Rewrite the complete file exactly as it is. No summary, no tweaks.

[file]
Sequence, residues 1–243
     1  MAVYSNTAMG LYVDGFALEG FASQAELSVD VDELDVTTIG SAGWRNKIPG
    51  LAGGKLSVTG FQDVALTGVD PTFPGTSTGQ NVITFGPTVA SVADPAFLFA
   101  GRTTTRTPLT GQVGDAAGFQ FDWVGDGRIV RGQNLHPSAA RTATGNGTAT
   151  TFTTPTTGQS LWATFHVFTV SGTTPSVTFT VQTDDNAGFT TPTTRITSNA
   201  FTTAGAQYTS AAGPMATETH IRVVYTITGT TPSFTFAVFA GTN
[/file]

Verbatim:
Sequence, residues 1–243
     1  MAVYSNTAMG LYVDGFALEG FASQAELSVD VDELDVTTIG SAGWRNKIPG
    51  LAGGKLSVTG FQDVALTGVD PTFPGTSTGQ NVITFGPTVA SVADPAFLFA
   101  GRTTTRTPLT GQVGDAAGFQ FDWVGDGRIV RGQNLHPSAA RTATGNGTAT
   151  TFTTPTTGQS LWATFHVFTV SGTTPSVTFT VQTDDNAGFT TPTTRITSNA
   201  FTTAGAQYTS AAGPMATETH IRVVYTITGT TPSFTFAVFA GTN